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Fanatic's football fairytale

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St Kilda's Farren Ray handballs under pressure from Collingwood's Dale ThomasOne of the problems a writer of fiction can sometimes face is the sheer interconnection of things.

In 'real life' events, situations, reactions and decisions occur willy-nilly. We exercise as much control as possible, and most of the time, our control is sufficient. But sometimes things get out of hand and momentarily fate and circumstance seem to be sweeping us along.

The fiction writer has to arrange imagined events so that they achieve the required fictional outcome — which, of course, is often dramatic, exciting, tragic, comic, triumphant and so on — without stretching credulity too far or breaching one's sense of what life is 'really' like.

Yet 'real life' routinely throws up sequences so bizarre, or so incredible that a fiction writer wouldn't dare to own them. Try this one.

There's this bloke who lives in South Australia but has been a supporter of AFL football club the St Kilda Saints for what seems like millennia.

Just when he is preparing to go in the ballot for a Grand Final ticket — last year he got one, standing room: good view, wrong result — his bank notifies him that there has been a 'fraudulent attack' on his credit card. Like the Mills of God, the bank investigates slow but it investigates sure. He loses no money but he has no credit card and he can only take part in the ballot by using Visa online. So that window closes.

Thinking laterally, he borrows his mate's Visa and his membership barcode then, with the mobile phone on speaker, the landline serially dialling and Ticketek on screen, he sets about the business of getting a standing room ticket from the limited general allocation for St Kilda members on the Monday before the Grand Final.

He admits defeat after three hours when, with the mobile phone battery flat, his ears ringing with the engaged signal from the landline, and his eyes bemused by the unwavering message on the screen about heavy demand and the need for patience, he finally gets through to a human voice which tells him with intolerable jauntiness that 'all tickets are gone, mate'.

He watches the game on TV and dies a thousand deaths — it's a draw. Like the players and coaches he doesn't know what to say, where to look, how to react.

Daunted by his recent experiences, and still without a credit card, our bloke decides the whole ticketing business is just too hard and he'll watch the replay on TV. But two of his sons intervene. One of them, let's call him David, brushes aside the bloke's objection that a single ticket is now, after the draw, far too expensive.

'I'll pay for the ticket,' he says. 'It's a gift'.

And the other, we'll call him Sam, using his own credit card and the barcode of yet another St Kilda member — this star-crossed chap, not anticipating a draw strangely enough, has tickets to take the grandchildren to West Side Story on 2 October! — volunteers to do the vigil online from 1pm on the Monday following the drawn game.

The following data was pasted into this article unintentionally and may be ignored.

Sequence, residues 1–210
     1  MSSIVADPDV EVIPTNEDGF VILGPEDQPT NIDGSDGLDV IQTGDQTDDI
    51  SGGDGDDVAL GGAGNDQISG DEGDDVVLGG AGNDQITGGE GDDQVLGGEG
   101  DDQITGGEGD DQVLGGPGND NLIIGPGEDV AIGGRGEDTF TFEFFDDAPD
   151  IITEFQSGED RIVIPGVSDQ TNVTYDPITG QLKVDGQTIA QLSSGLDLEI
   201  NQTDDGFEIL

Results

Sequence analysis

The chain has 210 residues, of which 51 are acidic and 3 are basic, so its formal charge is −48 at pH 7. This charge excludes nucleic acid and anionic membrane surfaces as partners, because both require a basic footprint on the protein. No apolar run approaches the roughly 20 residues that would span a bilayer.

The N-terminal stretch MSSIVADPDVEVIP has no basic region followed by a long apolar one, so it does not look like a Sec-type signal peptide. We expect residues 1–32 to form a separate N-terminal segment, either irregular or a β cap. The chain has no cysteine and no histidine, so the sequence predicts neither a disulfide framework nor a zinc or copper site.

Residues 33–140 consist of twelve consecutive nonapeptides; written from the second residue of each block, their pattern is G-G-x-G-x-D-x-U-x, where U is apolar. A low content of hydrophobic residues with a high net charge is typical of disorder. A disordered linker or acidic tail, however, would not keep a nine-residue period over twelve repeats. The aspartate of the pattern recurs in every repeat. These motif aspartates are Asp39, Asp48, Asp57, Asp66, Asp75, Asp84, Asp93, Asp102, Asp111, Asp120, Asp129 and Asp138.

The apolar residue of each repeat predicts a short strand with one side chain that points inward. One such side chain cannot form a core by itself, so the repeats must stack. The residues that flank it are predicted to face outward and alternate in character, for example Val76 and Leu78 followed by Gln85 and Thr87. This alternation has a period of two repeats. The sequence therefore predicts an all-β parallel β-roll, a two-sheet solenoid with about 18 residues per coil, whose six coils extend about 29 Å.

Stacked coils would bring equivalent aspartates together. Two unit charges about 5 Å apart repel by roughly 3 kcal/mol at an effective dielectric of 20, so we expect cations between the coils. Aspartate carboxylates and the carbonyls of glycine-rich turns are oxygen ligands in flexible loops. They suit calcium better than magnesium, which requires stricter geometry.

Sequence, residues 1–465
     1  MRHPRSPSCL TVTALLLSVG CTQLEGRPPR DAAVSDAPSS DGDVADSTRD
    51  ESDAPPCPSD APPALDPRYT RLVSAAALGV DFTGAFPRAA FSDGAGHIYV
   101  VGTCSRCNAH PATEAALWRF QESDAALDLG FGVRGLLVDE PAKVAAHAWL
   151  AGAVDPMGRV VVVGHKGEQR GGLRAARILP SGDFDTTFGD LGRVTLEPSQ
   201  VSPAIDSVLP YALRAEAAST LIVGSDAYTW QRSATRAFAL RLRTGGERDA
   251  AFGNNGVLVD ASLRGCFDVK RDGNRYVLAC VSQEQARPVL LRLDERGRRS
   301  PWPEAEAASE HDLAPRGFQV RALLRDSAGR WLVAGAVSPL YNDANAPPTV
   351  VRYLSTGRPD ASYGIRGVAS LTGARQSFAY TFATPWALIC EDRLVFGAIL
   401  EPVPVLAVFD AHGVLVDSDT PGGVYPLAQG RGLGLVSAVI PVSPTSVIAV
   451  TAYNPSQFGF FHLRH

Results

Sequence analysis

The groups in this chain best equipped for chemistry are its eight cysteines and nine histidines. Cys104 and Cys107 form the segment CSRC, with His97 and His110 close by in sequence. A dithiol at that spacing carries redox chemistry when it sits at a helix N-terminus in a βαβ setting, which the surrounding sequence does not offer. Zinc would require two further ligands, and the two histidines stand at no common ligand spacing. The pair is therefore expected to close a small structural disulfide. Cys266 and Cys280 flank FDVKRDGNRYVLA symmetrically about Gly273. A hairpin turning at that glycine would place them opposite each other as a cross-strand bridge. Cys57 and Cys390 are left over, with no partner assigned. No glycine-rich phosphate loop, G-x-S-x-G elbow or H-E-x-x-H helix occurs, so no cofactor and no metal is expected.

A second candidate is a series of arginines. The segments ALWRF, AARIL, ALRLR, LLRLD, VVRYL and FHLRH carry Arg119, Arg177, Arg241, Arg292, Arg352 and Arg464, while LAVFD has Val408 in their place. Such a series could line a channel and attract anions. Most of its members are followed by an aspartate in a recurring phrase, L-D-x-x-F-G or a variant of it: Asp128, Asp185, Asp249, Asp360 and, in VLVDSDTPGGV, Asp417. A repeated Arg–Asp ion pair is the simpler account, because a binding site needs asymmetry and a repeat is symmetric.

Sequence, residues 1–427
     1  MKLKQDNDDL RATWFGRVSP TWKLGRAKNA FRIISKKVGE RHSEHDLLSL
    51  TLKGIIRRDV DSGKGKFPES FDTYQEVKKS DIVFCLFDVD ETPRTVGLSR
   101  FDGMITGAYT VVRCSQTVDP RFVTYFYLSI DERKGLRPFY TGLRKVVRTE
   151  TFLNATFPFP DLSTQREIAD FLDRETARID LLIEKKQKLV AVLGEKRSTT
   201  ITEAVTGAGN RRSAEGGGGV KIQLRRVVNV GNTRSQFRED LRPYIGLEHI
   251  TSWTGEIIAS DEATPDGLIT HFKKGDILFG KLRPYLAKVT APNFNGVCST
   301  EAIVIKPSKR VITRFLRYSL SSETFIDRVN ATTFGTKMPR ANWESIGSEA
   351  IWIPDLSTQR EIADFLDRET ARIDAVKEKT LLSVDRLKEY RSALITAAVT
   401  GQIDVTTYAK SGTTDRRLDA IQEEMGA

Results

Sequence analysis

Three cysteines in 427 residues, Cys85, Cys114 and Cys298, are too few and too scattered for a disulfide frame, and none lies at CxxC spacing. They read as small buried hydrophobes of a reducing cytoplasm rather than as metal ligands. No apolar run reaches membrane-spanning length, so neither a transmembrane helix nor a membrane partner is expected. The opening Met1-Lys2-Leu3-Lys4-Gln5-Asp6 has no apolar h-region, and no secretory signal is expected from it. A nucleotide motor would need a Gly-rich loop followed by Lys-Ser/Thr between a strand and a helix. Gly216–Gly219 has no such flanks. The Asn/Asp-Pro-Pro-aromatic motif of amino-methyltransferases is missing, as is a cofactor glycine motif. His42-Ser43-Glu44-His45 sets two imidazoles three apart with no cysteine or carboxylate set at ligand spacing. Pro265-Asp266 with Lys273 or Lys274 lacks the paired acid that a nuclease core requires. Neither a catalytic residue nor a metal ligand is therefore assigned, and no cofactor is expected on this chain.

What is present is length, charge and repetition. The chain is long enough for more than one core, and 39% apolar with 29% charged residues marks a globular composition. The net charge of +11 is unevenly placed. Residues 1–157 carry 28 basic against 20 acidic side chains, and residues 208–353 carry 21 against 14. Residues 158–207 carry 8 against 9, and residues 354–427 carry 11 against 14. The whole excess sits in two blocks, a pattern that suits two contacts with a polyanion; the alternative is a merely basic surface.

What is it about the youth of today? The cyber world is their beat, their haunt, their domain. Sam, in less than an hour of flashing notices, canned music and other contemporary hazards, doesn't just jag a ticket, he gets a seat, and in a very good spot.

David, who lives in Manchester, then sends him the money by electronic transfer and, while our bloke couldn't guarantee that the snail was on the thorn or the lark on the wing, it seemed to him reasonable to conclude that — for the moment, until the game started anyway — God was in his heaven and some things at least were right with the world.

So our bloke, the hero, or — since he has been alternately unsuccessful and passive — the anti-hero of our little story, is about to set off for Melbourne from his distant central western eyrie. He'll drive for a day, have breakfast with Sam, collect his ticket and go unhurried to the MCG around 1pm.

As a fiction this account obviously has flaws. The bloke is, to start with, too unlucky: through no fault of his own, no credit card, and then no ticket. And the result of the game is simply too much tailored to his needs: he misses out on being there, so they come back next week. Spare me.

Then two of his sons bob up, fairytale-like, full of competence, good will, riches and determination and lo! he has a ticket. This is on a par with glass slippers, sumptuous carriages and midnight pumpkin deadlines.

All this outrageously extravagant tale needed was to end with the Saints winning the replay. But not every fairytale can have a happy ending.

Brian MatthewsBrian Matthews is the award winning author of A Fine and Private Place and The Temple Down the Road. He was awarded the 2010 National Biography Award for Manning Clark — A Life.

Topic tags: brian matthews, afl grand final, draw, replay, st kilda saints, collingwood magpies



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Existing comments

Thanks, Brian. A lovely tale to start the day. I cannot remember how many times I have said to myself about some sequence of events I had just heard about or been involved in "If someone put that in a novel, the readers would go 'Yeah, right, as if that's ever going to happen'" And yet it did.

Life's amazing!

Erik H | 06 October 2010  

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